The need for international primary care research leadership
13 December 2017
Alison Ward, Director of Oxford University's Postgraduate Certificate in International Primary Care Research Leadership, explores the origins of the new Postgraduate Certificate, which is now open to applications.
Primary care research plays an essential role in developing innovating ways to improve patient care at frontline services. However, despite a large growth over the last 10 years, primary care research is still in its early stages of development compared to other research specialties. There remains a disproportionate amount of research funding on uncommon problems compared to that spent on the common problems seen more often in primary care. To improve the health of populations a strong primary care research system is essential. Training in primary care research has advanced considerably in the last decade including Masters and DPhil programmes in primary care research ensuring that high quality rigorous research is being conducted internationally. However, there is still a need for international leadership in primary care research.
This was recognized in 2002 by a small group of heads of departments of primary care from 8 countries (England, Scotland, Northern Ireland, The Netherlands, Germany, Australia, USA and Canada). The group met in Brisbane (the Brisbane Initiative (BI)), Australia with the aim of developing an initiative to improve the quality and capacity of primary care research internationally. The BI operates under the aegis of the World Health Organisation of Family Doctors (WONCA). Amongst the various activities proposed by the BI was a leadership training programme in primary care research, which was then taken forward and funded by the Department of Primary Care at the University of Oxford. Aimed at post-doctoral primary care researchers, the new leadership programme began with a pilot in 2006 consisting of a five day residential in Oxford for 14 participants from England, Scotland, Netherlands, Germany, Australia and Belgium. It aimed to foster and develop future leaders in primary care research, and in the long-term establish a critical mass of current and future leaders in primary care research internationally.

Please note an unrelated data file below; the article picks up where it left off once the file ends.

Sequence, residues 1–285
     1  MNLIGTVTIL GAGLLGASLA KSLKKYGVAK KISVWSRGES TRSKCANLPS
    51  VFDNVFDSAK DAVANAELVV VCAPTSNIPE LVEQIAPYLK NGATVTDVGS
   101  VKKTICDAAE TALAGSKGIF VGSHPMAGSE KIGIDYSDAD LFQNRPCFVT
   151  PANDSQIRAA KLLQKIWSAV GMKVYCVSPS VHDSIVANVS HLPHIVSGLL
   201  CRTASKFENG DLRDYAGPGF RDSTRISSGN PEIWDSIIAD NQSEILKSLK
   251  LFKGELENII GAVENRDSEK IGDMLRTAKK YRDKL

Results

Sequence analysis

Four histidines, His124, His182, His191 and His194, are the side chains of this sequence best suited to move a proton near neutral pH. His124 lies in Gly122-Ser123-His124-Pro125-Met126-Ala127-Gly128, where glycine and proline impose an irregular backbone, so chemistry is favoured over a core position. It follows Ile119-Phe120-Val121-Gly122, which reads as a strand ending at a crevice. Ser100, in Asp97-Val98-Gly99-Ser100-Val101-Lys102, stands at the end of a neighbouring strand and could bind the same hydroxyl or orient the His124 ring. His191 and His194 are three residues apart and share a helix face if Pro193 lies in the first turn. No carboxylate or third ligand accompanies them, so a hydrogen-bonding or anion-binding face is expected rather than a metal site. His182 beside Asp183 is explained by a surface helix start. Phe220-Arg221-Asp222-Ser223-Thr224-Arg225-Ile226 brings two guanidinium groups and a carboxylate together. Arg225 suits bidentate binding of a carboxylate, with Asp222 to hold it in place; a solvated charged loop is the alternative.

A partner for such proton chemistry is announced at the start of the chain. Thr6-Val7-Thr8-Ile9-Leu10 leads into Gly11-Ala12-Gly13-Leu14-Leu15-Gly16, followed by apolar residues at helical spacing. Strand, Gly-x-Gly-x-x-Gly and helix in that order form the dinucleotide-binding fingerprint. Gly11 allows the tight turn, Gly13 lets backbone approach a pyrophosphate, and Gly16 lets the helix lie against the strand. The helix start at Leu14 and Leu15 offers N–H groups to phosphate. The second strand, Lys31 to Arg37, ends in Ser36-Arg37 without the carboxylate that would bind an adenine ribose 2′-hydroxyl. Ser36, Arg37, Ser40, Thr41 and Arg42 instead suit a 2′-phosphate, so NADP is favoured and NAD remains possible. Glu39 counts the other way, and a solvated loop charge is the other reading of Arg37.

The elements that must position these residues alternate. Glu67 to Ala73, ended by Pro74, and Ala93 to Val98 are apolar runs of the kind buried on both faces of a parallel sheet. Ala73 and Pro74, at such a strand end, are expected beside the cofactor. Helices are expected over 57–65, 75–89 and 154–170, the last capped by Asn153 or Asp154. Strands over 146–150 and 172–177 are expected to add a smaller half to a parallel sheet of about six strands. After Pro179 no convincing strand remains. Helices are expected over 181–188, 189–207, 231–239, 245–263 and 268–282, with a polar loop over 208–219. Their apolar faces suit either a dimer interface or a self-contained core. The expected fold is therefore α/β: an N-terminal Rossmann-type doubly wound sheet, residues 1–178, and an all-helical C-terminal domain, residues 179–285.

By 2009 the leadership programme was expanded from one residential in Oxford to a two year part-time programme consisting of a total of three residential meetings in Oxford spread over the course of two years. Based on its outstanding success it was decided to develop the programme into a Postgraduate Certificate course at Oxford University from 2018 with a formal curriculum. The course uses structured and supported experiential learning to enable participants to integrate theory, evidence, personal cognitive and emotional styles, and specific skills to become effective leaders equipped for current contexts and for further professional development. Participants are supported to identify their own development needs, form peer learning sets and establish a two-year follow up programme. They are provided with access to current leaders in primary care research, experts in strategic leadership and one-to-one coaching.
To date, over 100 primary care researchers from nearly 50 universities worldwide have participated in Oxford University’s primary care research leadership programme, and we have now held 23 residential meetings in Oxford. Participants have found the programme inspirational, influential and a career defining experience. They incorporate what they learn on the programme into their research, clinical and educational work.
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